Cruelty, injustice, and revenge are also present in “Mbangu a Musungu.” Mbangu a Musungu is a despotic chief. “He was great, great in everything: in ostentation, in cruelty. His might radiated fame: everybody talked about him, mouths opened up in horror.” He has absolute power over life and death, he sacrifices people at his will, his subjects exist only to serve him. He treats his slaves without humanity and kills men every day since “the stock is never finished.” He’s also their spiritual leader and can commune with the spirits and magical forces.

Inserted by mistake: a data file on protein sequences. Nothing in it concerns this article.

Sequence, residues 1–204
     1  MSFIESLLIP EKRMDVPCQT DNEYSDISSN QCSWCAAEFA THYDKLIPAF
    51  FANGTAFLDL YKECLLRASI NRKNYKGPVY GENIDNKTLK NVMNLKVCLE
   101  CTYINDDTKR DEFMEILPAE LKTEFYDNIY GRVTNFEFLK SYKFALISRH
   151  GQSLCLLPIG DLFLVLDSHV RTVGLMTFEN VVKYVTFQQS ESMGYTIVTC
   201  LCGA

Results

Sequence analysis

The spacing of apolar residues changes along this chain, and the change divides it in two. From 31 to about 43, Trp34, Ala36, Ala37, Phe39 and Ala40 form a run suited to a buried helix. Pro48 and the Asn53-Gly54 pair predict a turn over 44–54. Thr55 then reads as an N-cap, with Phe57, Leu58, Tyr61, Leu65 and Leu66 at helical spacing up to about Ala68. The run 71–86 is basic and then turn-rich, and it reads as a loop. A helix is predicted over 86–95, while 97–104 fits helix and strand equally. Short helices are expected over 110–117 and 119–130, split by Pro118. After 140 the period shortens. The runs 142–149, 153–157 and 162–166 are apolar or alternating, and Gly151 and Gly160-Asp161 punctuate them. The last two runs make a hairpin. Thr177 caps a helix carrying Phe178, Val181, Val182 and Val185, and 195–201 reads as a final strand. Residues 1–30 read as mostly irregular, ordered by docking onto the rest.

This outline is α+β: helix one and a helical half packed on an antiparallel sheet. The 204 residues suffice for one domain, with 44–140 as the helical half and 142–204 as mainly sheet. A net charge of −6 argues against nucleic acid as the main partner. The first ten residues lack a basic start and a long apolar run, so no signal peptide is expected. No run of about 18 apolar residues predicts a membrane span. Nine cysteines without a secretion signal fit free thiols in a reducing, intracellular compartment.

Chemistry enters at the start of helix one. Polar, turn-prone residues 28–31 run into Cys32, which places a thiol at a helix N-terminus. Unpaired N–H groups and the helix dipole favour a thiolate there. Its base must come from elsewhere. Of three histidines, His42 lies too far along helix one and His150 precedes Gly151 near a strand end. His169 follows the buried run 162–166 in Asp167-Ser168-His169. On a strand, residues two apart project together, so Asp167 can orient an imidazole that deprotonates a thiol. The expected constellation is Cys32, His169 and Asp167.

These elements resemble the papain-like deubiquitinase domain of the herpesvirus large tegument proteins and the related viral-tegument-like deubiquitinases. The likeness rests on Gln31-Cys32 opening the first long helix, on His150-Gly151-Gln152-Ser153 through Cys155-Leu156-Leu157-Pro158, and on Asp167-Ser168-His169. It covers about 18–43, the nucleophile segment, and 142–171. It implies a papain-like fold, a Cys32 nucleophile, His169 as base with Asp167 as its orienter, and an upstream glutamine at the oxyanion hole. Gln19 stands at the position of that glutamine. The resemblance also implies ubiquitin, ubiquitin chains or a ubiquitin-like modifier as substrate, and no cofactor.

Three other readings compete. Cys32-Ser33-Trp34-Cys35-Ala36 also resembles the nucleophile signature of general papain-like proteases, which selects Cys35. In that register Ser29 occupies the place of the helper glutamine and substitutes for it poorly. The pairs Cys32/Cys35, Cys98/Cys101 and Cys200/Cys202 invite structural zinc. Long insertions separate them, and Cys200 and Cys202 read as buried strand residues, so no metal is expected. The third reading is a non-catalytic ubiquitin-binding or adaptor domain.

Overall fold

One day Mbangu a Musungu has a revelation. “The spirits of his ancestors - Mbangu a Musungu said – had revealed to him extraordinary things: an unknown world – the underworld, the world where those who died on earth continue to live. High above – no one ignored it – there was the world ruled by God. But what nobody knew, as he did not either, is that, underneath the earth, there was another world. Let no one doubt that, the spirits had told him. And the proof was that the dead did not return, not even to settle scores. And why? Because they felt fine, they had found what they hadn’t found here. And that world’s ruler would be he, Mbangu a Musungu.” In his megalomania he orders his subjects to create an underground dwelling for him to rule the underworld. And once finished he shuts himself up there. After a while, though, he becomes disappointed, it’s not how the vision promised, he holds no power down there, and he decides to return to the surface world. Through an opening he informs his subjects that he intends to come back up. But the people have discovered happiness living without him, so they prefer to let him die of starvation.